Our word “shrine” comes from the Latin scrinium meaning “chest for books” – thus a shrine is a place for the sacred word (Hebrew, Sanskrit, Pali). Traditionally, a Buddhist shrine might contain a dharma book, perhaps wrapped in cloth. What book should one choose? This question strikes at the heart of creating a shrine at all. The choice of a book – or any other object – should be a genuine act, which means an act of the heart, an act of affection, and not one of obligation – and hence guilt.

Guilt-Free Shrines

DSC_1859To create a guilt-free shrine one could assemble signifiers of one’s heart connection to Buddhism, and to the phenomenal world at large.

Typically this would include a photograph of one’s teacher(s), a candle (or two), a dharma book, perhaps bowls of offering water and a statue of the Buddha.

On the other hand, one’s shrine could be ultra simple: merely a candle, merely a photograph. Interestingly, in Islam, the “shrine” or altar of a mosque, called the mirab, is simply an indentation in the wall, in other words, an activated space. To create a Buddhist shrine, in its most universal essence, is to create a space one will practice in front of. In a sense, where ever one chooses to meditate could already be considered a shrine.

Shrine As Reminder

This brings us to another meaning of a shrine: a reminder. Everything on one’s shrine could be a consciously chosen reminder; a reminder of one’s faith, one’s affection, one’s love.

On some level, looking at one’s shrine is looking at oneself: from candles to a statue or thangka, the ritual objects express one’s own Buddha nature.

DSC_7002.JPGAs one travels the Buddhist path, invariably one’s shrine might develop and conform to certain practices one’s teacher has empowered one in, such as ngondro or the practice of Vajrayogini – in the latter case, the shrine includes nearly a dozen offerings and representations of the enlightened deity of Vajrayogini.

A shrine becomes alive for many reasons, and as we look upon it, it looks back at us. Since a Buddhist shrine personifies our relationship to practice, it haunts us in the same way our teacher and own awareness does, to be awake. Our resistance becomes a guest the shrine seeks to drive out, so that we surrender to the open moment.

Keeping It Alive

Sometimes a shrine becomes strangely outdated, perhaps devoid of life, like a musty museum. In any case, over time, I can’t imagine any practitioner’s shrine remaining the same – I certainly don’t know of anyone’s who has. Some go from the elaborated and doctrinaire back to something utterly simple, like a photograph and flower arrangement. Shrines need housekeeping and occasional remodeling.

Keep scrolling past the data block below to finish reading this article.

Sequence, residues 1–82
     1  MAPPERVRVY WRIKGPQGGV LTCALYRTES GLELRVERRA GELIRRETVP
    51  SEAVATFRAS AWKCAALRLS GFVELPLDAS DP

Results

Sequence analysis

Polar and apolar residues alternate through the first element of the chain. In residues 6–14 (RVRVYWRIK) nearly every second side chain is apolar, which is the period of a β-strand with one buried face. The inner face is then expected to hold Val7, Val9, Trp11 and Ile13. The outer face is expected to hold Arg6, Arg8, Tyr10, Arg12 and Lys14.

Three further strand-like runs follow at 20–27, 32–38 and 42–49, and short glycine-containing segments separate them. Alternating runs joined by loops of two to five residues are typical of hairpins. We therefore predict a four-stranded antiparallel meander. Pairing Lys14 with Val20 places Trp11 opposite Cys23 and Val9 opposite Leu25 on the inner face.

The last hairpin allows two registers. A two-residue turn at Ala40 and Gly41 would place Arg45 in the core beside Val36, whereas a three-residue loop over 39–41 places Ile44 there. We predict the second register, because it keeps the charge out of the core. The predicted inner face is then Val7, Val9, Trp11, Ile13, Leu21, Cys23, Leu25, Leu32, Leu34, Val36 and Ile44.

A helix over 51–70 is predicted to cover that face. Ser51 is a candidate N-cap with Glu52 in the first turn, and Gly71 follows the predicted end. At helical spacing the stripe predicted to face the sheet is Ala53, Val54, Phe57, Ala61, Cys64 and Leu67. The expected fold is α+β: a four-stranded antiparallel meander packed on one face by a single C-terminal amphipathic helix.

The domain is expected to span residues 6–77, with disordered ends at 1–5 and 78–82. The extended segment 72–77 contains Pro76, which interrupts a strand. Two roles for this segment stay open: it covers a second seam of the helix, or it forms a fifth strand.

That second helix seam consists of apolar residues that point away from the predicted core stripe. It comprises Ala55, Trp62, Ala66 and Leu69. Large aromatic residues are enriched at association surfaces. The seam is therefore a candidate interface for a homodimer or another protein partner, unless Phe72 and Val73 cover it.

Shrines reflect our changing journey on the path.

Shrine As A Place of Offering

Another purpose of the shrine is as place of offering. This brings in the animistic or shamanic dimension (in all countries, Buddhism has absorbed and commingled with the indigenous), the dimension of ancestors, spirits and the invisible world (which is also the dimension on Buddhist lineage, of Dogen, Milarepa and Nagarjuna). It is innately human to offer to what we cannot see, to sublimate ourselves into gratitude, especially as a rite in the beginning of the day.

DSC_0233The shamanic may be the most important dimension of invoking one’s shrine, so to speak. I say “invoking” because of the relationship of sincerity to one’s shrine. The shrine is merely an orientation point, if it doesn’t evoke a shift in our attitude – and an awareness of gratitude – it means next to nothing. It is necessary to feel – and invoke – some relationship with the “invisible world.”

I once interviewed the late and highly venerated master Traleg Rinpoche and asked the following question, Rinpoche’s answer is worth some study and related to this dimension of one’s shrine, or relationship to the invisible:

Bill Scheffel: “If could ask you this question: two major pitfalls of the student or practitioner are eternalism and nihilism. I think there is, if not a consensus, a widely held view that in the west there is a lot of experience of nihilism. There is a kind of diminished sense of this kind of co-participatory relationship with the world at large and the (invisible world).”

Traleg Rinpoche: “I think so. I agree with you there completely and wholeheartedly. And it is a big problem and I think what has happened there is that people have embraced the western secular view of the world so totally that they have incorporated only certain aspects of Buddhism into their lives, and the other aspects of Buddhism that do not fit with that world view they have sort of ignored that completely, at their own peril. People can relate to Buddhist philosophy of shamatha and vipashyana and emptiness and even bodhichitta, I suppose, but anything to do with the other side of Buddhism – deities, and trying to make some connection with invisible beings – If we don’t see them then they don’t exist and if we live in the modern world they are not real.”

When I asked Traleg Rinpoche about his own practice he went on to tell me that he prayed frequently and made food and other offerings to the invisible dimension. He especially felt the need for this when he arrived at a new location, to make a relationship with the “local deities.”

Invoking the Invisible